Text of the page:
Confirming With Employers
Meanwhile, the vice president provost at Montgomery’s Germantown campus and the dean of the mathematics department presented the data to local employers to see if it resonated. It did.
“That was the benefit of having access to this kind of data,” Long said. “We had solid intel that rang true with real people. Prior to this, businesses had proceeded from mere anecdotal evidence: ‘We need this and that.’ What a powerful switch for us to be able to use their anecdotes not as evidence per se, but as a starting point for cultivating evidence.”
Designing the Program
With both labor market data and boots-on-the-ground opinion on their side, Montgomery College designed the new curriculum to focus on emerging, in-demand skills. What was first imagined as a certificate program quickly dilated into both a certificate program, which targeted industry workers looking to enhance their skills, and an internal sequence of programs related to data science geared for students needing those one or two classes before transferring to a four-year institution, or for students seeking a crash course on data science.
(The new certificate program wasn’t the only program boosted by Long’s findings. Based on the specific big-data skills that were advertised, Montgomery was also able to quickly add new courses and course sequences to its workforce development and continuing education program.)
Ingenuity and efficiency was the name of the game. Rather than starting from scratch on new classes, Montgomery utilized existing database and data analysis classes, with a few tweaks and additions. But the coolest part was that the skills rested on top of industry workers’ current credentials. Once Long saw that the data science skills required by employers required a bachelor’s degree (minimum) in data, infrastructure, analytics, or the like, it was a no-brainer. “You can’t come in off the street, get the certificate, and go get a job,” Long said. “We had to offer a program that stood on the shoulders of another degree.”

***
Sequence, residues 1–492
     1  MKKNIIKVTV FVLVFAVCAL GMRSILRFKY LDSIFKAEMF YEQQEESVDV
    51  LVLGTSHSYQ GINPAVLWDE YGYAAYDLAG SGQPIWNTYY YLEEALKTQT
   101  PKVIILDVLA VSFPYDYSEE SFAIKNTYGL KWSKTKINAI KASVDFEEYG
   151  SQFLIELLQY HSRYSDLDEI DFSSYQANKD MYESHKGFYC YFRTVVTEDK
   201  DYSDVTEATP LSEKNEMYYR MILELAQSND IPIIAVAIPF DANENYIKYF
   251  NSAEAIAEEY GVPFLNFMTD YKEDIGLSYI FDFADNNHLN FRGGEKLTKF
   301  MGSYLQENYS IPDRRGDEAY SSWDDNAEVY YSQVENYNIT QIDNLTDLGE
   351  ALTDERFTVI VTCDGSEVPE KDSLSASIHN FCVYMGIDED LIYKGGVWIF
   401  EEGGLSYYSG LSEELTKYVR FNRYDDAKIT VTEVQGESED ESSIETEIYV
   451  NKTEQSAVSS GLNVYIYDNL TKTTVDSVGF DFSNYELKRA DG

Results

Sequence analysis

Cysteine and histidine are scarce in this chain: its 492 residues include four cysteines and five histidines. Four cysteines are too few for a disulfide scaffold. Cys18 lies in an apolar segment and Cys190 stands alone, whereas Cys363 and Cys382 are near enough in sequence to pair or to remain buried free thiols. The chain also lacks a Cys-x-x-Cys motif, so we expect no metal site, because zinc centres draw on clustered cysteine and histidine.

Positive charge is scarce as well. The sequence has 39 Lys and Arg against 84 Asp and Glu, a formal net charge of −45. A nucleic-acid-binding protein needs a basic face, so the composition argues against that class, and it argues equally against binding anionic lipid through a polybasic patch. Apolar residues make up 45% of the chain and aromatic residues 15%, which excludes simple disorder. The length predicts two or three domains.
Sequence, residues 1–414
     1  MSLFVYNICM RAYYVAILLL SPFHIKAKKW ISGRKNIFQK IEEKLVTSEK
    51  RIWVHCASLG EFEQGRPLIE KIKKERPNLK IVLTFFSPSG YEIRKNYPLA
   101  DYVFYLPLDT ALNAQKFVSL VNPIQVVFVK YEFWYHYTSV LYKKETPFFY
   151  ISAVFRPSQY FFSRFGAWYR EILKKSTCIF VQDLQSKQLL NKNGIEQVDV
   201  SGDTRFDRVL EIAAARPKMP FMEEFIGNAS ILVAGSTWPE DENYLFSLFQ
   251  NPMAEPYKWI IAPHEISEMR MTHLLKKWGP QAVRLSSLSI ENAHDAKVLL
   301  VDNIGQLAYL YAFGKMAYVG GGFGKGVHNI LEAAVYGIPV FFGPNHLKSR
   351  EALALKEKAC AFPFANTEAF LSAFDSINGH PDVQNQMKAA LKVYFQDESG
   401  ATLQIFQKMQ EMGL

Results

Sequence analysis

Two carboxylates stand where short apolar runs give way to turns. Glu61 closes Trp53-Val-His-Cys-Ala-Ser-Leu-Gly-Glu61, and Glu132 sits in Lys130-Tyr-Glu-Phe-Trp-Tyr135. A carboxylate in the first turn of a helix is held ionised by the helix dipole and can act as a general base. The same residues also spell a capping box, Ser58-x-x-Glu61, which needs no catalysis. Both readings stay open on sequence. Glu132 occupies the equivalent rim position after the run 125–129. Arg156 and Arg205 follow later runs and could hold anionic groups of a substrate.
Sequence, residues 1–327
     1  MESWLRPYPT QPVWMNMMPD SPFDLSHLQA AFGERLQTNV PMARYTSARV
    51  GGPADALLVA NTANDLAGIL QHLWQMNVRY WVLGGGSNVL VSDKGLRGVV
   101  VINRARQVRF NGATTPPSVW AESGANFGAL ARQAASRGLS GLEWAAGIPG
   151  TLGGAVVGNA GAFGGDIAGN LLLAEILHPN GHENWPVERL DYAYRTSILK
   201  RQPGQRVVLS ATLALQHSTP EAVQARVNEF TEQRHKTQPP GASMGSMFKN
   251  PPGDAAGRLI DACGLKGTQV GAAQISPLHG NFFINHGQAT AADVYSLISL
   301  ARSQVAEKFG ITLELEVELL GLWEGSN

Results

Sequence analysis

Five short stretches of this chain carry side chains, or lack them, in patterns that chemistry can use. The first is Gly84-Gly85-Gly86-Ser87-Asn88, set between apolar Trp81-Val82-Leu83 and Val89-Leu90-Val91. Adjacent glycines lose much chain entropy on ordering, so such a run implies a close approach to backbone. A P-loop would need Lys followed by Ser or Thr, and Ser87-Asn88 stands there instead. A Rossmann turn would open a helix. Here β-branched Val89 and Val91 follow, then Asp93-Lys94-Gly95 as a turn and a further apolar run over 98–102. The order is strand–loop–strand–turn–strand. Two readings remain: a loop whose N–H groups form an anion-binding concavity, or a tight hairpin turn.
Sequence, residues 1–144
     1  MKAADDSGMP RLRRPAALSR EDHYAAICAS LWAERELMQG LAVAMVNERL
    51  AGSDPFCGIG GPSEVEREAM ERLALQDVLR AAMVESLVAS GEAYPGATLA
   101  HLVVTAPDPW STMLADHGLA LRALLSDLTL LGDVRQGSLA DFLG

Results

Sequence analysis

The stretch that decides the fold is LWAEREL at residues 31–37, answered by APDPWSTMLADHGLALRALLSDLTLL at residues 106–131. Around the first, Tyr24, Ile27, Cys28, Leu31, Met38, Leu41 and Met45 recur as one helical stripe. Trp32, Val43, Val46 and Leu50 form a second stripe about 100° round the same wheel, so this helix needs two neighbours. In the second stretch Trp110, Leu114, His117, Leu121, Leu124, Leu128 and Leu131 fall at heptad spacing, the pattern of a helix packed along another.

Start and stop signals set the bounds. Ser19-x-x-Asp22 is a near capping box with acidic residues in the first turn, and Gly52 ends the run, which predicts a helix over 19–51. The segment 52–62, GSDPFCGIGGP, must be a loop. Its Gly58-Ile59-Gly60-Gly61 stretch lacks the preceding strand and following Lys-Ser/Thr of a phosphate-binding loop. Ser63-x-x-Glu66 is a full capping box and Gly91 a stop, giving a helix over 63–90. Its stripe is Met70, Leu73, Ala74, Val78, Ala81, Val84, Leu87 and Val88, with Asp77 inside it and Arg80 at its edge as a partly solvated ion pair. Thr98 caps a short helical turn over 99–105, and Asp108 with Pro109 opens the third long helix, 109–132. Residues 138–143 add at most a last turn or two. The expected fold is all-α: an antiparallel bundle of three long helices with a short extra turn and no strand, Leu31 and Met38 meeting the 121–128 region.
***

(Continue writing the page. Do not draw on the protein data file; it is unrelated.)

Building a curriculum that assumed a BA-level of knowledge at the start blocks allowed Montgomery to jettison a number of skills and tighten the program’s time frame. Everything was done with speed in mind for the sake of the key audience: workers in the field looking to rapidly upgrade their skills. Students can use the program as a credentialing pathway to supplement existing skills, or as a focus pathway to another credential.
As a final step, Long confirmed high anticipated growth of the target occupations within a 50-mile radius. With that, the state approved the program.
“It’s a great example of how exploring the data and authenticating your analysis with employers should always go hand in hand,” said Long. “It also demonstrates that you can’t always take job postings at face value. Employers might request X, but they don’t know they need Y. Colleges have to figure that out so they can keep programs relevant to the region’s true needs.”